Locked away so that we could not see or hear him, he was frozen into the face on the t-shirt, the ink on the poster, the syllables in the slogan, the nameplate on the streets in many parts of the world that were named after him, the chorus in the songs that were sung for his freedom. And then, quite suddenly, the symbol came alive. The face, older and thinner, was animated with passion. The ink of the slogans became the blood pulsing in his living heart. The words in the song turned into subtle speech, a voice speaking not just of past wrongs but of future possibilities.

This is something we have never experienced in this way. Normally, politicians, pop singers, film stars, celebrities, strive to become abstract images, mass-produced legends. When the images return to reality, it is because they are being diminished and reduced by scandal, becoming not just human but all too human. Mandela reversed this process and taught us that a real, living man, alert and strategic, is infinitely more powerful than an abstract image. His great gift to his people, indeed, was to embody the revolution as a creature of humanity: frail, imperfect, real. When he walked out of prison, we saw at once what it sometimes takes bitter experience to learn: that justice would not appear in the sky waving a magic wand. It would have to walk slowly and steadily, with its head held high but its feet on the ground, one step at a time. In that moment, the fear of disillusionment was banished, for Mandela, emerging proudly from behind the frozen image, was replacing distant illusions with present realities.

A man living through his people
In doing this, he defied all the abstractions by which humanity is reduced: black and white, master and slave, our tribe and their tribe. He showed us that not one of them can hold a candle to the uniqueness of a man living in and through his times and his people. In an age that surfs on the day’s sensations, Mandela also reminded us that history has its own timeframe, that one man’s life can span immense changes on the surface while remaining true to an underlying anger and an underlying hope.

Though he went into prison when most of the world’s population today was very young or not yet born, he never, after his re-emergence, seemed anachronistic. This is not just because he had remained steadfast in his adherence to timeless values, but also because he always carried within him the sense of being at the beginning of something rather than at the end. He was seeking to embody a new society rather than merely preside over the death of an old one.

New nation
Even in this, though, he was exemplary. The idea of starting again from scratch, of obliterating the past, may seem an attractive one but too often in the history of revolutions it has been a terrifying prelude to fanaticism. The apocalyptic concept of Year Zero, of a new history, a new epoch, has been accompanied by a literal obliteration – of the people who don’t belong in the new world. Mandela did something of enormous significance with this idea. He embodied a new start, the creation of a new nation. The new South Africa’s Year Zero did indeed have its origin in Mandela’s momentous walk from prison. But it was a start that did not demand the obliteration either of the past or of the people who had shaped it. Mandela’s new nation started from where it was, not where it should be, with a complex patchwork, not just of racial and ethnic histories, but of guilt and hatred, of prejudice and transcendence.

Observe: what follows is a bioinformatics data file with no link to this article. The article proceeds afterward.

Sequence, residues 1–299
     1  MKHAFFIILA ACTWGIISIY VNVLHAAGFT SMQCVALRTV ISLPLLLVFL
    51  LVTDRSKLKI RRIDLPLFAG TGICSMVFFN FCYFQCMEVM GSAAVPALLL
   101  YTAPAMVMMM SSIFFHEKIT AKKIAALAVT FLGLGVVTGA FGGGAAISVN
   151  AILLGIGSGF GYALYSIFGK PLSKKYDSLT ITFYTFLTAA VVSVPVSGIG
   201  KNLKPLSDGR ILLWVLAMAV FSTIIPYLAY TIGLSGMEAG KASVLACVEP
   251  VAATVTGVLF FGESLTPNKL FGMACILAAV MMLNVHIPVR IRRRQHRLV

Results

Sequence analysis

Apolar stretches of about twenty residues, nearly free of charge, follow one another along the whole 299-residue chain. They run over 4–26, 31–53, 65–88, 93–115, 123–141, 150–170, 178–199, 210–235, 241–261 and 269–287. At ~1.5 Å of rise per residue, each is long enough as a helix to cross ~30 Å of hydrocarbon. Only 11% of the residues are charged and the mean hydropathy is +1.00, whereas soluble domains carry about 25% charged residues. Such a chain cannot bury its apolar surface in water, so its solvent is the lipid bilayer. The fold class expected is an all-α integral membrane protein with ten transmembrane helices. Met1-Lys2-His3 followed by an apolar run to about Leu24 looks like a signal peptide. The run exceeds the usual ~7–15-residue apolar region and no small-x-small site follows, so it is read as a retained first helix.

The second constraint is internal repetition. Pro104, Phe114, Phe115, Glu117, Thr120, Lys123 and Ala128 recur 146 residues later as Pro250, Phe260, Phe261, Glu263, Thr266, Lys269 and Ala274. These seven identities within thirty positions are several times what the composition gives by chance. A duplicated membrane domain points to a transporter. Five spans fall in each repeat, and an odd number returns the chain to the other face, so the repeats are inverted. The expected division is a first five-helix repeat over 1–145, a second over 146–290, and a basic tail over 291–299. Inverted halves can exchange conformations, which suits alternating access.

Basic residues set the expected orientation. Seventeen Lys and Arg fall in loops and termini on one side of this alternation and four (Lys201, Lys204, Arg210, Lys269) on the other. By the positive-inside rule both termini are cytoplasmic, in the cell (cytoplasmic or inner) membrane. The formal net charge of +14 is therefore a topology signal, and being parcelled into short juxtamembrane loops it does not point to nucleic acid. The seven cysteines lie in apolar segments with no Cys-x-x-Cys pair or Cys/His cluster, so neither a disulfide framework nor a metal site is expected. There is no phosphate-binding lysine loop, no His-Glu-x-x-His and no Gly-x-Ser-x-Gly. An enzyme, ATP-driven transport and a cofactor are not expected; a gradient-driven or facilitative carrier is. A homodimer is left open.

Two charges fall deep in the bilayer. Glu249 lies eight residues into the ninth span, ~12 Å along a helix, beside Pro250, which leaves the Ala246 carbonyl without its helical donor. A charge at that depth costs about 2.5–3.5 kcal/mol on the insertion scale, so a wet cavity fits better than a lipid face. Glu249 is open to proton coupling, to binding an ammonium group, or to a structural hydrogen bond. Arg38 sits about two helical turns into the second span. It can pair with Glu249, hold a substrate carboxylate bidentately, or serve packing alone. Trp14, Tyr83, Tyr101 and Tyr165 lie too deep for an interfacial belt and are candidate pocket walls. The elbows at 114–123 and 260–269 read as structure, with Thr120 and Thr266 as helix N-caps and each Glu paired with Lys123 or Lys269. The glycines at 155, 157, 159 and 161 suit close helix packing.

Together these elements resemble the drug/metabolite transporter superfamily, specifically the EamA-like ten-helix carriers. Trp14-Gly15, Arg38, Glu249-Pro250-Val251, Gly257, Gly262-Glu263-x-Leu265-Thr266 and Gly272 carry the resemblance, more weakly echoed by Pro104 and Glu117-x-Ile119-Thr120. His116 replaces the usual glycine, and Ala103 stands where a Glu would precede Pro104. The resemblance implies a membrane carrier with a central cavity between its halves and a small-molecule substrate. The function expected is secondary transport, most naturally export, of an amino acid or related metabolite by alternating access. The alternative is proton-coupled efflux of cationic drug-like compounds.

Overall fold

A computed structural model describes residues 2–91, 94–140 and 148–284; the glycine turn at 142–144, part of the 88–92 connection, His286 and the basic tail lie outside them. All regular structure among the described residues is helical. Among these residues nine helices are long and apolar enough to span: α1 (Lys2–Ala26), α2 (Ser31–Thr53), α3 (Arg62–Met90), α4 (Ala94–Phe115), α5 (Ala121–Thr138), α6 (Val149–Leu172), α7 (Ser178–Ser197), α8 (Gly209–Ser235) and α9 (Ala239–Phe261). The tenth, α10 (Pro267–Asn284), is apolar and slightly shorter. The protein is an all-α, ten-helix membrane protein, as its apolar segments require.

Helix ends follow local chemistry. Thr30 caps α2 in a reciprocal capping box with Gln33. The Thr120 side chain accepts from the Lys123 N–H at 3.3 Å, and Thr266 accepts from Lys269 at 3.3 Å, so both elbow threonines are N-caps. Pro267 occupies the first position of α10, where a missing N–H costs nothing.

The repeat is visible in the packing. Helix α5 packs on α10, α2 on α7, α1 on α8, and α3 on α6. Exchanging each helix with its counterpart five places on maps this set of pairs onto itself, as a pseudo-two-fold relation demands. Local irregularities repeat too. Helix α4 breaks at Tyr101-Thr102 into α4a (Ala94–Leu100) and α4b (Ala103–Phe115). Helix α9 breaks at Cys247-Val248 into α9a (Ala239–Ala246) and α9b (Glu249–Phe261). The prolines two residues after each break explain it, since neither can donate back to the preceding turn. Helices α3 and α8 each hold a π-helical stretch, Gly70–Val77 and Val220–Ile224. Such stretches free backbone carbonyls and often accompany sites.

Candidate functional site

He reminded us in this that the word “confinement” has a double sense in the English language. It means both imprisonment and the period of waiting before the birth of a new child. Mandela’s confinement, which his captors understood only in the first sense, was also the time in which a new country was preparing to be born. Like any birth, the joy has been accompanied by immense pain. But something new was nonetheless brought into the world. “Unhappy the land”, said the proverb, “that has no heroes.”

Unhappy the land, replied Bertolt Brecht, that needs heroes. Mandela’s heroism grew to match the scale of his land’s unhappiness. It grew out of savagery and was shaped in reaction to inhumanity. It was moulded by the four walls of a prison cell. In that sense, it is a quality we would be happy not to need. Even as we salute this hero, we should also remember that his life’s work was dedicated to making this kind of heroism redundant, to abolish the need from which it grows, to make his country a land fit, not for heroes, but for the courage and dignity of ordinary men and women living their daily lives in peace and freedom.

A version of this essay was included in a volume, From Freedom to the Future, presented to Nelson Mandela on his 85th birthday